“No…” was the only word I could muster. The only word fitting in that moment.

And then escape came suddenly into mind once again. A rabid, final desperation, washing away all thought and reason, allowing only a mindless singular obsession. In his madness I turned my bulk back toward the tower, unsure of what to do when I got there but knowing all the same I could not stay outside. This was like no storm at all but an angry, vengeful force bent only on my own destruction. But I was no weak figure and would not be swatted aside, even if the hand was a powerful one. Almost in answer the winds rose up with even greater ferocity; now blankets of ice-cold rain stung the air like glass, and down it came, slicing and freezing my skin, forcing me back further to the water's edge. Even my desperation and fear could not help me muster the strength to go on, no matter how hard I fought.

I was almost in the grip of the cold oblivion awaiting me, then they came. Figures just within sight, formless shades of the once living shrouded within the grasp of the storm. There were men and women, seemingly moving with the wind and treading water as if it were as solid as the earth. And then another, different from the rest. A broken, twisted shape that once instilled fear even in me. The withered form of the Overseer now moved closer. It stared momentarily with long dead eyes, its face little more than an expressionless mask. Then without warning it was taken, higher than all the others, up and up, rotating in circular motions and silently turning to dust until nothing more remained. Then came Irem.

“Where are you going, Yorek the Torturer?” he said. “Nowhere to run, you know. Nowhere.”

I froze, unable to muster the will to fight through my fear any longer. There would be no more running, no more fighting. I had little choice now other than to submit to the inevitable.

“What do you want? Why do you haunt me?”

“You are the last one Yorek, and without you we have to endure this dream too.”

I had no idea what Irem was talking about, and no longer cared. Terror had taken its toll and all I wanted in thet moment was an end.

“Then let me go so I may redeem myself” I lied. “Isn’t that what you all want?”

Irem shook his head. “But where do the dead go, Yorek?”

Suddenly the storm died down. The mountainous, angry waves became calm and serene. The great winds no more than a whispered hush. But those dark figures remained. I looked around, hardly believing the transformation that had taken place. hardly believing anything. With barely any strength left I stood, my gaze drawn to the waters below where my own reflection broke and formed again into view. And as those waters finally rested I came face to face with something I did not recognise. A withered, broken thing, a mere shadow of the former Torturer of the Black Tower called Yorek. This reflection reminded me of the creatures in the tower, rotten and decayed beyond any resemblance of humanity.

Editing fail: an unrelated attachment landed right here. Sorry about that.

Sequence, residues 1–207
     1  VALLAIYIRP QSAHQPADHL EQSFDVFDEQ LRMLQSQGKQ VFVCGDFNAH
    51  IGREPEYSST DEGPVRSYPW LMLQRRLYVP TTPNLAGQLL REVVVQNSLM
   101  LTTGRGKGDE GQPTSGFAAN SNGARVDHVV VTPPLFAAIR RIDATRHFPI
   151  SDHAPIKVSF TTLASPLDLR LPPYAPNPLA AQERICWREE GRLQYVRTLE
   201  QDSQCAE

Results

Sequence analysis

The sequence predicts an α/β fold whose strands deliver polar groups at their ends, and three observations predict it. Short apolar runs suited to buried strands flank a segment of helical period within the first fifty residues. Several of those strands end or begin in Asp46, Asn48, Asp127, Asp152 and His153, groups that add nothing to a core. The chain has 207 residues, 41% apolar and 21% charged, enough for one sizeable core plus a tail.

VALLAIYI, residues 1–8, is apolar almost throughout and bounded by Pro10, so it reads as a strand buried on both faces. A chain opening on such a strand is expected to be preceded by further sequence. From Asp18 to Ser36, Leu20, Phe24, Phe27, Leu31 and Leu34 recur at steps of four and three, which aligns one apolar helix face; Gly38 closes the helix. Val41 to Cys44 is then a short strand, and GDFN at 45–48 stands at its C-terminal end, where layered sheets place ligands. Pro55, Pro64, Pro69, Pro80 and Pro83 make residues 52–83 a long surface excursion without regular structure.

“What dream is this boy that I find myself in? What torture?”

“We have dreamed together for a long time Yorek. I with you, and you with me. The Torturer and the Torturer’s friend. Together we dream the dream of the dead.”

It was as though his words were somehow carried away on the breeze. I could hear them, but they grew ever distant. My mind was now a wailing maelstrom of memory and confusion, real and unreal. And there too was denial. I tried desperately to think of some other reason, why the black tower was strangely empty now. Why the machines that were once so busy had long ceased their work. How the once powerful Overseer was now nothing but dust and memory. Looking back at the high walls of the tower one last time, I saw only a decayed ruin, long since spent of its power and malice. Only the lower section now remained, flooded and washed almost out of existence by the sea. As once it supported death, it was now the home of new life. Life that grew in abundance upon its sea-polished stone. Life which had many forms and lived by the bounty of the waters and the grace of every inbound wave.

Irem now stood close, tears of blood running down his pale cheeks. Now in the silence of the eternal moment, I finally understood.

In the misty light of day as the sun burned down on serene waves and the old ruin of a once great tower, amid a host of spectral watchers, I the ghost of the Black Tower fell to my knees in prayer.

Irem smiled one last time. “Tell me, what do you pray for for now, Yorek the Torturer?”

Hands clasped tightly together and head bowed down low, I spoke one final word.

“Forgiveness” I said.